Ayodhya dispute

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The Ayodhya dispute is a political, historical and socio-religious debate in India, centred on a plot of land in the city of Ayodhya, located in Faizabad district, Uttar Pradesh.

Quotes[edit]

Painting of Ayodhya by William Hodges
  • On the very same day the first brick of the Ram Shila foundation was being laid at Ayodhya, the Berliners were removing bricks from the Berlin Wall. While a temple was going up in Ayodhya, a communist temple was being demolished five thousand miles away in Europe. If this is not history, I do not know what is. (...) The post-Nehru era began at Ayodhya on November 9, and it will gather momentum in the years to come, just as the post-communist era in Europe and elsewhere.
    • Jay Dubashi, From Shilanyas to Berlin Wall in The Road to Ayodhya (also [1]), quoted from Elst, Koenraad (2014). Decolonizing the Hindu mind: Ideological development of Hindu revivalism. New Delhi: Rupa. p.302-3
  • At a time when Native Americans, New Zealand Maoris and Aboriginal Australians were frequently (and often successfully) going to court to reclaim sacred sites and other heritage items, it should not have been too difficult to explain to the international public the reasonableness of Hindus claiming a Hindu sacred site, all the more so because the contentious building with mosque architecture was already in use as a Hindu temple since 1949... Yet, the net result was the exact opposite... It is not really exaggeration to say that the BJP's Ayodhya campaign was the public relations disaster of the century.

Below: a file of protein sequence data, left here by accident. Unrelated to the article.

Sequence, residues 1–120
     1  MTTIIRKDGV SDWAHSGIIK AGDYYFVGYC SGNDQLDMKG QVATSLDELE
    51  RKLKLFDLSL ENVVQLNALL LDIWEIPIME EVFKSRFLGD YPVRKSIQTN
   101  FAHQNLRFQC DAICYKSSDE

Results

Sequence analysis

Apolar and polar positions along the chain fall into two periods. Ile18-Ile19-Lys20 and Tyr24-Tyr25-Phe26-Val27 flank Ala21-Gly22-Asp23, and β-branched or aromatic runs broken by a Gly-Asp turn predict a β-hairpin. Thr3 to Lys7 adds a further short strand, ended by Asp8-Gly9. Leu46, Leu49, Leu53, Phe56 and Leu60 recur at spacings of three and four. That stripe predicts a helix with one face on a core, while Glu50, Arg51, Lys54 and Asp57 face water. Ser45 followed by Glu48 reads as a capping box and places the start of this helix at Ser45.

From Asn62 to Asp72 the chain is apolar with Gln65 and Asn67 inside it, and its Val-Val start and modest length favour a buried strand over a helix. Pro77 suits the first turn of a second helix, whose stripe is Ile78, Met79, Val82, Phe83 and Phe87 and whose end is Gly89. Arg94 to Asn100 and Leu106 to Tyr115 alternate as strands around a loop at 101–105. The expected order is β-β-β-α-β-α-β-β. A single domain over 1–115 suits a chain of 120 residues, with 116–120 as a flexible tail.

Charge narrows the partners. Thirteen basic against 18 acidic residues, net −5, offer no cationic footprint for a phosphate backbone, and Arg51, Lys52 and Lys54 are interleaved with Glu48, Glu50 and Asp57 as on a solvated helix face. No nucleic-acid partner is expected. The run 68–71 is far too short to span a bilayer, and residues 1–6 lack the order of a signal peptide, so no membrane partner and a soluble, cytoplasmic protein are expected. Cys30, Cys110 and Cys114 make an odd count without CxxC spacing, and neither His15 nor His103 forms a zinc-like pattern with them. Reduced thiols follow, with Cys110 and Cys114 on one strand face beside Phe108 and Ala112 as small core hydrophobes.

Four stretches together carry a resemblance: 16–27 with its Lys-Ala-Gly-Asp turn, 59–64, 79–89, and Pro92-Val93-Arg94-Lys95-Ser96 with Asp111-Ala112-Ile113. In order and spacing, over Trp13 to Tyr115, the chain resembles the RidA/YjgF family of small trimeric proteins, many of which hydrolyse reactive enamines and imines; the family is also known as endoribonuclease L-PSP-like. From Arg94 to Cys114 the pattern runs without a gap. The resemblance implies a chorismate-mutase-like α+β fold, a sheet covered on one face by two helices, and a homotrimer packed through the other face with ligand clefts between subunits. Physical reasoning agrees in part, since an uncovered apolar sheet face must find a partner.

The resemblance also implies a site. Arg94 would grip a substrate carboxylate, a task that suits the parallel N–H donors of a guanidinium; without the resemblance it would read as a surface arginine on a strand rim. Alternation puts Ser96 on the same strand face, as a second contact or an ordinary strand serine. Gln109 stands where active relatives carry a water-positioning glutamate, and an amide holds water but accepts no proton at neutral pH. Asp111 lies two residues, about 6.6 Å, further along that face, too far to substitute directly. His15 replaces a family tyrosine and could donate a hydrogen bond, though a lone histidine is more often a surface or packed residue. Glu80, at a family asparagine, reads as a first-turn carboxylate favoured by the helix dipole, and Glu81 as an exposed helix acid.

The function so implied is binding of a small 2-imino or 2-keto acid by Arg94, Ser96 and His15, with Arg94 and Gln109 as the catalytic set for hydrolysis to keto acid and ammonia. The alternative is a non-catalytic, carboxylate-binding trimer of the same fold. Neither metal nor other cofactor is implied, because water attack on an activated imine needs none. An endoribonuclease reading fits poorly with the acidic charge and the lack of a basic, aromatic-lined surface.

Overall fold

• Elst, Koenraad (2014). Decolonizing the Hindu mind: Ideological development of Hindu revivalism. New Delhi: Rupa. p. 246-7
  • [The Ayodhya movement for the liberation of Rama's supposed birthplace was] the largest mass movement in India since Independence. At its height, more people were detained by the police than during the course of the Salt March and the Quit India movement combined.
    • Edward A. Gargar, quoted from Elst, Koenraad (2001). Decolonizing the Hindu mind: Ideological development of Hindu revivalism. New Delhi: Rupa. p. 152
  • What is happening in India is a new, historical awakening. ... Today, it seems to me that Indians are becoming alive to their history. This has not happened before. ... Now, however, things seem to be changing. What is happening in India is a mighty creative process.
    • V.S. Naipaul, Interview, An area of awakening, Times of India, 18.7.1993. Also referred to and quoted in part in Elst, Koenraad (2001). Decolonizing the Hindu mind: Ideological development of Hindu revivalism. New Delhi: Rupa.
  • The Hindus have been so much humiliated and insulted since 1947 that sometimes it seems doubtful whether they are living in their own country adding that in Kashmir & Punjab Hindu blood is being shed so much so that even in Ayodhya unarmed Kar Sevaks including the Sadhus were brutally killed.
    • From a speech by Sadhvi Ritambhara, which was considered to be actionable, objectionable under 153-A of Indian Penal Code 'on the ground of inciting the Hindus in the context of construction of Shri Ram Temple at Ayodhya and attempting to spread feelings of animosity against the Muslims'. Quoted from ' The Case of Sadhvi Ritambhara', in Goel, Sita Ram (ed.) (1998). Freedom of expression: Secular theocracy versus liberal democracy. [2]

External links[edit]

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